The gravy train: Incentives, development major topics at CIBO meeting

Over biscuits and gravy this morning at the Biltmore Square Mall food court, city officials talked to the Council of Independent Business Owners about attempts to change the way development is regulated in West Asheville, and shifting the way they do economic development to better help small businesses.

The city just finished an input process for switching development rules in West Asheville’s Haywood Road corridor to a form-based code. According to Planning Director Judy Daniel, that will mean that instead of regulating areas based on uses, “where there’s a different zone for each use, the concept is mixed uses are what’s normal. Instead, the zones [under a form-based code] relate to the form and size and how it interacts with the street.”

Daniel noted that in many cases, the changes will make it easier for occupants to change the use of space without much regulation, and will reduce the amount of projects that have to go before Asheville City Council or the city’s planning and zoning commission.

Maggie Ullman, the city’s chief sustainability officer, said staff are reviewing their economic development policies to see how they can incentivize more local and small businesses. Among the policies under review were its land-use incentives (which allow for grants along certain corridors) and thresholds that often require multi-million dollar investments to make a company eligible for incentives, leaving out many smaller businesses.

“We want to have tools you can easily access and use,” Ullman said. “We really want to see what we can do to fit that gap, so we’re going to change some incentives and maybe create some new ones.”

Mac Swicegood, a local appraiser and one of CIBO’s founders, said he wanted more specifics from Ullman, calling her talk about sustainable business “catchy words… I still don’t know what we’re talking about.” She replied that CIBO was being asked to become involved at the beginning of the process, and that more specific proposals will emerge as the city receives input and develops its proposals. Swicegood said they could help his business by doing a better job of clearing vagrants from the entrance of his building.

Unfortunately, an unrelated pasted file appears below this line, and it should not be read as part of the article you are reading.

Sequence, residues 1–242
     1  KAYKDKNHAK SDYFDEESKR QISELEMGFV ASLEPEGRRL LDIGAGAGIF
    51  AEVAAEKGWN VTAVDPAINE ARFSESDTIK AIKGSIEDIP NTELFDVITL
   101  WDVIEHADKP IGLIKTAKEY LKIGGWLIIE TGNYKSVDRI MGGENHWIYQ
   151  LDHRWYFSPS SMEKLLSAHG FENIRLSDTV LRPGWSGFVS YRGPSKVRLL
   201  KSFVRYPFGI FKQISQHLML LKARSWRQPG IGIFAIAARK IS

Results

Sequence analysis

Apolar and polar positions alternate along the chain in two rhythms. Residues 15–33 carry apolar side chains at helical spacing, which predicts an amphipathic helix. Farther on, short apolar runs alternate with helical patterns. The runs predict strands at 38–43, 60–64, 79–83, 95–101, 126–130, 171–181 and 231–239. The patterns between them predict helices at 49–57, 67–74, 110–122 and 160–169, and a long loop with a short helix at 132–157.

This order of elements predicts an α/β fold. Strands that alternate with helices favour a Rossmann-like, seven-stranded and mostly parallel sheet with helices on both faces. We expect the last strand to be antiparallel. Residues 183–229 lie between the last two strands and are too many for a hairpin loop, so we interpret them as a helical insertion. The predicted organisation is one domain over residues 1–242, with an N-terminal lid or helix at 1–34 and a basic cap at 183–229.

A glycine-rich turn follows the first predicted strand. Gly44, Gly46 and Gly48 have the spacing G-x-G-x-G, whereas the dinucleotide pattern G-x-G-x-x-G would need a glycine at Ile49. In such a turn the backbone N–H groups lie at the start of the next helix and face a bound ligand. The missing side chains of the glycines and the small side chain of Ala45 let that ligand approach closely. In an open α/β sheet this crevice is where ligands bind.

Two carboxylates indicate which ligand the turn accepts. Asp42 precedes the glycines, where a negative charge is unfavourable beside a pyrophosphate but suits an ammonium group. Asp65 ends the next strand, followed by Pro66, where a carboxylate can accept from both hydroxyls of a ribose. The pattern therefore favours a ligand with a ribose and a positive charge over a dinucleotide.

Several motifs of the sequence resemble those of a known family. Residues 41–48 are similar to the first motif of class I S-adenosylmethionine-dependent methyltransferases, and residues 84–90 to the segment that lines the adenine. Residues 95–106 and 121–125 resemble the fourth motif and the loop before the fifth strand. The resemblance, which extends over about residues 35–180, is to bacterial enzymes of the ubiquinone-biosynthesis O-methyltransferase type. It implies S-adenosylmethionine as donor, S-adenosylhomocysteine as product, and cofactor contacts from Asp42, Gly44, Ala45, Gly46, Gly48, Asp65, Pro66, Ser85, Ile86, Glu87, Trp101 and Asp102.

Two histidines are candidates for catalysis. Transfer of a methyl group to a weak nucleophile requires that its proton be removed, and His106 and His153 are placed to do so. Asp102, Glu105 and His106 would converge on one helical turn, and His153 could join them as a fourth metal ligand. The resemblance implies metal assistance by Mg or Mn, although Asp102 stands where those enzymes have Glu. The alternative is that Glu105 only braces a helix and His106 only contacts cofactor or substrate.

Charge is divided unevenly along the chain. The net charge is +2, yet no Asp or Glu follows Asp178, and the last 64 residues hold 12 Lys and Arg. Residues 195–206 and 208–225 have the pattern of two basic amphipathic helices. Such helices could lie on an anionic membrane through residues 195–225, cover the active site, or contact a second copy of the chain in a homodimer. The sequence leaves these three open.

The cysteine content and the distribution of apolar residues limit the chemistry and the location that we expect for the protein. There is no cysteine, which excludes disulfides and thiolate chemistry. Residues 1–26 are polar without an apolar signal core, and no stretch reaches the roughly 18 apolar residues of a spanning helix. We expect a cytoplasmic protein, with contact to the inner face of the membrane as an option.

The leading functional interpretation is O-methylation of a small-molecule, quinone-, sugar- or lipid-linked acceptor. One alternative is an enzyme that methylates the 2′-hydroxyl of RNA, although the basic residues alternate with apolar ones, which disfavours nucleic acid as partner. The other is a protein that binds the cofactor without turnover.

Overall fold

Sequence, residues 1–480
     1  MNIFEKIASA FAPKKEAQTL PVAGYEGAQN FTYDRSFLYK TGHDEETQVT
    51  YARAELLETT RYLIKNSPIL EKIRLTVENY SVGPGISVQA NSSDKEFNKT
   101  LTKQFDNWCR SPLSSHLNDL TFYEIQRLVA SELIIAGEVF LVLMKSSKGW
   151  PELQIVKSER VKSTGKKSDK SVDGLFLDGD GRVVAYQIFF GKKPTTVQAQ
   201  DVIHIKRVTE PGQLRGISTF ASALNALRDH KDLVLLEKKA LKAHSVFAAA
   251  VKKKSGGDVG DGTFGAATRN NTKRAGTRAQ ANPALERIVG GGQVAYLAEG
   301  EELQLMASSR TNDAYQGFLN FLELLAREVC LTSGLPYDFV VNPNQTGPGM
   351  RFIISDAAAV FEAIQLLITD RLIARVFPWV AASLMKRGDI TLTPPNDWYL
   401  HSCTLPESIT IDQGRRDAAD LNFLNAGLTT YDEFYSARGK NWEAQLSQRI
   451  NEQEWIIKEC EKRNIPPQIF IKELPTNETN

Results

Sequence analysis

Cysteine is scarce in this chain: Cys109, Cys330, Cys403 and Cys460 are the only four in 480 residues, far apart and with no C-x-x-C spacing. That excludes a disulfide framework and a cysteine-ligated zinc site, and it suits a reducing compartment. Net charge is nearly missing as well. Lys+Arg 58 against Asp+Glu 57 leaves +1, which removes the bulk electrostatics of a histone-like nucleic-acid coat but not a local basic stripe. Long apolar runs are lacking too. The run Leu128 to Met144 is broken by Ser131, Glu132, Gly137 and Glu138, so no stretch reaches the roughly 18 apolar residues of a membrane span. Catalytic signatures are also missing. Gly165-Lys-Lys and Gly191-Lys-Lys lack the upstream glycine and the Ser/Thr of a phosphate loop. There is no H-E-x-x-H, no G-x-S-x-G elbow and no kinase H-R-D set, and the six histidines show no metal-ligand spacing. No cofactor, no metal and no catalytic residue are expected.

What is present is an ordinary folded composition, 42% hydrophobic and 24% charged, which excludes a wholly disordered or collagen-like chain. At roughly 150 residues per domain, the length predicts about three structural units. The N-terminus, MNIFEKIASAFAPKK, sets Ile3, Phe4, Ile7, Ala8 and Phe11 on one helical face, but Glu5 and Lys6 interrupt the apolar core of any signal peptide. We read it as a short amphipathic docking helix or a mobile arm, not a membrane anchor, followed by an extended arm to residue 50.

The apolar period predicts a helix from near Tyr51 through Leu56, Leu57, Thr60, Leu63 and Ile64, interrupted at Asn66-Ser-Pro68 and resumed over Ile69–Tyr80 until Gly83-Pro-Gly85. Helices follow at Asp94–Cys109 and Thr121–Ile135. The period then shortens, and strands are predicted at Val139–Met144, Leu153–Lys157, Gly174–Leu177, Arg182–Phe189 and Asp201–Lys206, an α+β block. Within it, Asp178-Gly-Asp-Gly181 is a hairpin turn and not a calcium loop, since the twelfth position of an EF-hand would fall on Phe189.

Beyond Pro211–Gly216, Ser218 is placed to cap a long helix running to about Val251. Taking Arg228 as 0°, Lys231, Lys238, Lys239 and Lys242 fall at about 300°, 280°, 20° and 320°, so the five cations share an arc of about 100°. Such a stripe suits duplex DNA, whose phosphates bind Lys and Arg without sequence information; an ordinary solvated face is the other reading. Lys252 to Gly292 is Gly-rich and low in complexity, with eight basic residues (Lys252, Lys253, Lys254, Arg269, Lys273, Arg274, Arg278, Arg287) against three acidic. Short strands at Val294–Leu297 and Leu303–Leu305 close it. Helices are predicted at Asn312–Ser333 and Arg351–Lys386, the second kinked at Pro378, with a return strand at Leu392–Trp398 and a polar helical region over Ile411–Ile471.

He wasn’t the only one to throw some criticisms the city’s way. Dwight Butner, the owner of Vincenzo’s Ristorante in downtown, angrily said washing the sidewalks would do the most to improve his business, and that the city isn’t doing so.

“For god’s sake, we’re talking about incentivizing new sidewalks, building new sidewalks, and we can’t keep them clean,” Butner said. “We keep writing these checks as taxpayers and we’re still not getting what should be ours.”

Assistant City Manager Cathy Ball said that the city’s set aside $150,000 for washing sidewalks, but that the contract won’t be finalized until January, and that environmental regulations limited some washing practices, but “we’re taking this seriously. This is a very high priority for us.”

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